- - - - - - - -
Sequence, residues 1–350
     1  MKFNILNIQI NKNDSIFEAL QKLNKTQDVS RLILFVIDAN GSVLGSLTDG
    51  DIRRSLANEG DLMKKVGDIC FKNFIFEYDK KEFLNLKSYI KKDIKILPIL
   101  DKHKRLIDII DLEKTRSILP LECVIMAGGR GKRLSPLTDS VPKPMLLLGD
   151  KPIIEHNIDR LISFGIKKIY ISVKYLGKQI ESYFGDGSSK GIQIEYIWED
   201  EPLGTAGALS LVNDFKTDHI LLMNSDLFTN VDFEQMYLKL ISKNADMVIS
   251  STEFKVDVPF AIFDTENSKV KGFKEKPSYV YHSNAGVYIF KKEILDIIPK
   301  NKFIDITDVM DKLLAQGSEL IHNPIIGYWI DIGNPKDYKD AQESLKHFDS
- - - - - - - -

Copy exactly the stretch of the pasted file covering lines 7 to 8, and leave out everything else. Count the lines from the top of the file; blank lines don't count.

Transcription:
   251  STEFKVDVPF AIFDTENSKV KGFKEKPSYV YHSNAGVYIF KKEILDIIPK
   301  NKFIDITDVM DKLLAQGSEL IHNPIIGYWI DIGNPKDYKD AQESLKHFDS